NGC 1705 and the evolution of blue compact dwarf galaxies




Meurer, Hans-Gerhardt R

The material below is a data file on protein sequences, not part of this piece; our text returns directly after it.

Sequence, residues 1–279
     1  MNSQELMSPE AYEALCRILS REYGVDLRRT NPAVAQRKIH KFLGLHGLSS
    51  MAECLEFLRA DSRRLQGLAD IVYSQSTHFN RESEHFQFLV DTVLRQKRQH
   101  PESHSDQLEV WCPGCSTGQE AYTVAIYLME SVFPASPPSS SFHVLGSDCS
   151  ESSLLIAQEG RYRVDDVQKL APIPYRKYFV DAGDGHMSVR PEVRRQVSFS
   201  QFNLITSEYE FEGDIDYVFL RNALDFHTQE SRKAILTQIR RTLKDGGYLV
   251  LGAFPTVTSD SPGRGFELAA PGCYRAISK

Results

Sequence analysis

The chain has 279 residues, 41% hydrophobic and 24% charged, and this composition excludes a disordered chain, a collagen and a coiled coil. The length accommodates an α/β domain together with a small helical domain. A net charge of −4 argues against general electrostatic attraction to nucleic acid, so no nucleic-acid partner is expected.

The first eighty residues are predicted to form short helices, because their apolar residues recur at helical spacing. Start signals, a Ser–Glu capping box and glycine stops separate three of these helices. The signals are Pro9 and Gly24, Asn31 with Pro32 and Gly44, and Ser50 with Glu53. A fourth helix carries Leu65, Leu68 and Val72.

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This thesis presents a multi-waveband study of the amorphous galaxy NGC 1705. It is shown to be a nearby (D « 5 Mpc for Hq = 75 kms-1 Mpc-1) nucleated blue compact dwarf (BCD) galaxy. Its emission line spectrum is like that seen in typical emission line galaxies, with an oxygen abundance like that of the LMC. NGC 1705 contains two stellar populations: a central high surface brightness (HSB) population, a kpc in diameter, which is actively forming stars, and a lower surface brightness (LSB) population with an exponential distribution of light, which is also a star forming population around 3 Gyr old. The HSB population of NGC 1705 defines its BCD morphology. It is a region of relatively continuous star formation at least 50 Myr old; about a Gyr old if the star formation rate has remained constant. Embedded objects within the boundaries of the HSB population are manifestations of its recent star formation. These objects include star clusters, some of which are ionizing sources, and perhaps individual supergiant stars. The brightest object is the unresolved off-centre nucleus which is probably a young (13 Myr old) globular cluster with a mass of of ~ 1.5 x 106 Mq. In the light of Ha, NGC 1705 has a bipolar morphology, with the axis of the flow roughly along the continuum minor axis. The expulsive nature of this flow is confirmed by the emission line kinematics, which show velocity splits of around 100 kms-1 over much of the face of the galaxy. A comparison of the integrated Ha and HI velocity profiles indicates that the neutral material is probably entrained in this flow. A simple expansion model is constructed and found to yield an expansion time-scale on the order of the age of the nucleus for any likely set of its free parameters. A comparison of the estimated mechanical energy release of the nucleus, HSB and LSB populations, and that required for the flow confirms that the nucleus provides the largest fraction of the energy required for the flow. It is shown that velocities greater than the escape velocity have already been achieved in the flow, and thus NGC 1705 is losing mass in a galactic wind. This result holds for all mass to light ratios expected for BCD’s, and is not sensitive to details of the flow geometry. The possible evolutionary outcomes from this mass loss includes complete destruction of the galaxy, if the total mass to light ratio is low (MT / LB <~ 0.8); quick evolution into a nucleated dwarf elliptical galaxy, if the gas is removed by the wind but the remainder of the galaxy survives; and the retention of some gas for future star formation.






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